When I meet new people and tell them that I am a clinical psychologist, I usually hear one of two questions. Question one – “Are you analyzing me?” – can be answered rather succinctly (“I wasn’t, until you just said that.”).
Question two – “Do you have a specialty?” – is a trickier ask to answer. I might respond that I specialize in the practice of psychotherapies like cognitive behavioral therapy and interpersonal therapy, and the development and testing of novel psychotherapies. But then I must explain what that means. In an effort to keep it brief and move the conversation along, I might say simply, “Eating disorders.” I do, after all, spend part of my time at the New York State Psychiatric Institute/Columbia Center for Eating Disorders. If this is my response, then I am likely to hear Question 3: “So you only treat women?”
No. In my years of working with individuals with eating problems, I have certainly treated male patients. Men with anorexia nervosa. Men with bulimia nervosa. Men with binge eating disorder.
In a country and culture that has historically defined eating disorders and preoccupation with appearance as a “women’s issue,” men suffering from body image and eating problems have a stigma to overcome. It is true that more women are affected by eating disorders than men, as is also the case for many anxiety and mood disorders. However, recent U.S. survey data of lifetime eating disorder prevalence suggest that binge eating disorder is about as common in men as women, and that for both bulimia and anorexia nervosa, men represent approximately one-fourth of the cases. Prior studies put forth a more modest, albeit still quite concerning, estimate with roughly one-tenth of cases of bulimia and anorexia nervosa being male.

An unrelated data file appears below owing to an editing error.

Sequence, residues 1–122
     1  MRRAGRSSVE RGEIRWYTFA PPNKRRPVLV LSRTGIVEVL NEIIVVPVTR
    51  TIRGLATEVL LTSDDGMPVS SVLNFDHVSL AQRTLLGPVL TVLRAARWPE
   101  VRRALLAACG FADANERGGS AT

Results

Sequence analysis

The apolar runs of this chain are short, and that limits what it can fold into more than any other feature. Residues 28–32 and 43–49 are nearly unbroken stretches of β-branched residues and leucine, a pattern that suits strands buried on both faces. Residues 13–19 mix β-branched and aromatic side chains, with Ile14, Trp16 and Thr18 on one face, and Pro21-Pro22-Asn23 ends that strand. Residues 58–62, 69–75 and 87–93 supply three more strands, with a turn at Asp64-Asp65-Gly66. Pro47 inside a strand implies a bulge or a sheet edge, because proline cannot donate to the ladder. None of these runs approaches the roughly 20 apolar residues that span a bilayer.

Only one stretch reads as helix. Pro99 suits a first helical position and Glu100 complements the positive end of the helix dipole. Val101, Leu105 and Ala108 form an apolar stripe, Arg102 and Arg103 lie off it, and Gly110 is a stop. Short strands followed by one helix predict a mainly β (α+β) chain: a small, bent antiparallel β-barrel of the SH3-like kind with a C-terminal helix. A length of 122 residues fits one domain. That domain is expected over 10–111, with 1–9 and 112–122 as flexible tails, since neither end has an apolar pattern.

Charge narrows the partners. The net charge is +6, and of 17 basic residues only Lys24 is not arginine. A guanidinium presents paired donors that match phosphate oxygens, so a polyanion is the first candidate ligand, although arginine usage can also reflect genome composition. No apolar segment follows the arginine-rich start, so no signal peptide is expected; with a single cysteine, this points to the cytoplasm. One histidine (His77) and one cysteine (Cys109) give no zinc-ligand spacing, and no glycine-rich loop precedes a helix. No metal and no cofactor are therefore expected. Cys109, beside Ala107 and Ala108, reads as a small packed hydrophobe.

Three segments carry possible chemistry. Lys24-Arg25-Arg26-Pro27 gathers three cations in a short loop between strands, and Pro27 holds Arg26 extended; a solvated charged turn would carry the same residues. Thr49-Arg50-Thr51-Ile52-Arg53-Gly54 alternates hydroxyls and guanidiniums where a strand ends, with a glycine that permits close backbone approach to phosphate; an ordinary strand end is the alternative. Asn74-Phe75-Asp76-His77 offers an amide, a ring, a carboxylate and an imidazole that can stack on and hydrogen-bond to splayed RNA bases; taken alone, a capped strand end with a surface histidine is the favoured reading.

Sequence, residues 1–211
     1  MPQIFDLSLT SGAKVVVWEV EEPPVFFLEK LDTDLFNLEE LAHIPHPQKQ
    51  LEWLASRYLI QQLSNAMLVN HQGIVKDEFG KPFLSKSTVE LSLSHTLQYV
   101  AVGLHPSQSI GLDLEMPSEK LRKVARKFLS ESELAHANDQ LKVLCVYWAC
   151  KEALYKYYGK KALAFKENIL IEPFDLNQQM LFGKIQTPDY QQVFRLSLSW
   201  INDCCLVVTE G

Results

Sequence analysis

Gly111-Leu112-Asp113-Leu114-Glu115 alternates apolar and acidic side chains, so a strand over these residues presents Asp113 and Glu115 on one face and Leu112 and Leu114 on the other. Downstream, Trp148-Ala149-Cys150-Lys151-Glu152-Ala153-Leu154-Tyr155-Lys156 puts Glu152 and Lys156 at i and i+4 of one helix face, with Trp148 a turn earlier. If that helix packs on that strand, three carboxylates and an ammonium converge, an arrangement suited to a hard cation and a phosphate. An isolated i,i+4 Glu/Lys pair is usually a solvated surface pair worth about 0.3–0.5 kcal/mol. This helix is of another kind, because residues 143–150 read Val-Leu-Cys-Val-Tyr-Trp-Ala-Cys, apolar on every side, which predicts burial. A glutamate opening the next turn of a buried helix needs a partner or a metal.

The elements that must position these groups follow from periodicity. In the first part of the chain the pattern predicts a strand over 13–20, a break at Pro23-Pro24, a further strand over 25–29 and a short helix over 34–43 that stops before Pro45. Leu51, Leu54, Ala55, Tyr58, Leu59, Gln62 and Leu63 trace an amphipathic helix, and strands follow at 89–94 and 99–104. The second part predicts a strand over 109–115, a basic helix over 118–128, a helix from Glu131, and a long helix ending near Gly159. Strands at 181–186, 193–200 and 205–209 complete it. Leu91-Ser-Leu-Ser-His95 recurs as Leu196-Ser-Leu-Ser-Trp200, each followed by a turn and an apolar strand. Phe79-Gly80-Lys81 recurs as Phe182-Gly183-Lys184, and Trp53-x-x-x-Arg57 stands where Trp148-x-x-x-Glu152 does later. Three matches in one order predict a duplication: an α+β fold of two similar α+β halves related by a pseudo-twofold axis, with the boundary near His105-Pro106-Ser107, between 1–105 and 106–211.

Men may be more likely to be misdiagnosed and less likely to receive specialized treatment, but they certainly can still suffer from these conditions. Perhaps acknowledging the issue of potential misdiagnosis of anorexia nervosa, the latest edition of the Diagnostic and Statistical Manual of Mental Disorders (a diagnostic dictionary for mental health providers) made an important change to the diagnostic criteria for the condition. The amenorrhea criterion, which stipulated the absence of a menstrual period for 3 months to receive a diagnosis, was removed. This feature, frequently but not always present in women, might have primed clinicians not to consider boys and men for the diagnosis; its removal may help more males with anorexia nervosa to be properly identified.
But to me, the most important thing to understand about eating disorders in men is that the presentation can be nearly identical to that of women. Males with anorexia nervosa, for example, are underweight for their height (or, in the case of still-growing boys, for their age and expected growth curve) and afraid – of eating fat, of gaining weight, of becoming fat. Males with bulimia nervosa are stuck in a complex web of extreme food restriction rules which, when inevitably broken, lead to feelings of guilt and shame, binge eating episodes and then purging (by means including self-induced vomiting and laxative misuse). Men with binge eating disorder feel as out-of-control when they binge eat as do women with the same condition, and they just as distressed by the binge episodes they regularly experience. For many men with eating disorders, their appearance is an essential, primary way in which they evaluate themselves, yet they do not seem to measure up at any size.